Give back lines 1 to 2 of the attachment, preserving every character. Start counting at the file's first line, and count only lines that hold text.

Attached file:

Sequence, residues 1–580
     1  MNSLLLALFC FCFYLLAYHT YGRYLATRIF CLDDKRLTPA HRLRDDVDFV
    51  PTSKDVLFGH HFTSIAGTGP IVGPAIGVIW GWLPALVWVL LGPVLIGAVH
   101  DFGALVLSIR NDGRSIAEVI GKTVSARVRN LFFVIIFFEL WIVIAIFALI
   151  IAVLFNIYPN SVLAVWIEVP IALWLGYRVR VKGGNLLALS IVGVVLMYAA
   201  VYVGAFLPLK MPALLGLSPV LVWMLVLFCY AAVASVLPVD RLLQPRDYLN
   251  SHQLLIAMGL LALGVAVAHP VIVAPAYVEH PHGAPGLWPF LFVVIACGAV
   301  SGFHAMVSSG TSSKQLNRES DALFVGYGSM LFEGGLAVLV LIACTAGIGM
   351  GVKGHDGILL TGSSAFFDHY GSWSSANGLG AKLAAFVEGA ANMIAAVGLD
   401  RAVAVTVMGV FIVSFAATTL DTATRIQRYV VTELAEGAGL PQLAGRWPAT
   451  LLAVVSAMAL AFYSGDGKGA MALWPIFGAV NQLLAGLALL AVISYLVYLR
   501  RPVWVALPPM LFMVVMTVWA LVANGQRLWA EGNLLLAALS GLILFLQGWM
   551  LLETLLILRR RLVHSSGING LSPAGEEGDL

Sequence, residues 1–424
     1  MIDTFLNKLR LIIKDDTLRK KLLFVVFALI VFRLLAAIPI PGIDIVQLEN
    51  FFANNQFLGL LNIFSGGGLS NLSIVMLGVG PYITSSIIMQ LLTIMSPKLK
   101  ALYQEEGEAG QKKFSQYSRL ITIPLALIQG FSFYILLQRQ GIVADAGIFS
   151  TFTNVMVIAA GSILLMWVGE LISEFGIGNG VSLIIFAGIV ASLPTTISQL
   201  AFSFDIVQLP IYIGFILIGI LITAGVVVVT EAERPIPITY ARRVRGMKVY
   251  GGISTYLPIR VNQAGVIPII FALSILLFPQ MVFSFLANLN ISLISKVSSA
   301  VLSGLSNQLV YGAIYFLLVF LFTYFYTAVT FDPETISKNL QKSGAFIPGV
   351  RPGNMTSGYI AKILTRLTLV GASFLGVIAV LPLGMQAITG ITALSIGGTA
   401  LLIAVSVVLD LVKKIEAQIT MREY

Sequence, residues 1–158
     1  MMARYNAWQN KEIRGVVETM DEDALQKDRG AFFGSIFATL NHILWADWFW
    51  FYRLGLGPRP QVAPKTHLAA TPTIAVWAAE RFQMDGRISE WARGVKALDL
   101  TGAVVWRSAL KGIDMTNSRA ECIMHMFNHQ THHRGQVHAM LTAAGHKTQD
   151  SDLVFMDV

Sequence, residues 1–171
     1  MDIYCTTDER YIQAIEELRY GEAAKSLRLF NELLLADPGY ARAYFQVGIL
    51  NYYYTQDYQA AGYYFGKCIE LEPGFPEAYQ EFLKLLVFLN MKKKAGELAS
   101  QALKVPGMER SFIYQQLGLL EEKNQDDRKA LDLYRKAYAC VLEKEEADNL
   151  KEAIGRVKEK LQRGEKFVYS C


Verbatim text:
Sequence, residues 1–580
     1  MNSLLLALFC FCFYLLAYHT YGRYLATRIF CLDDKRLTPA HRLRDDVDFV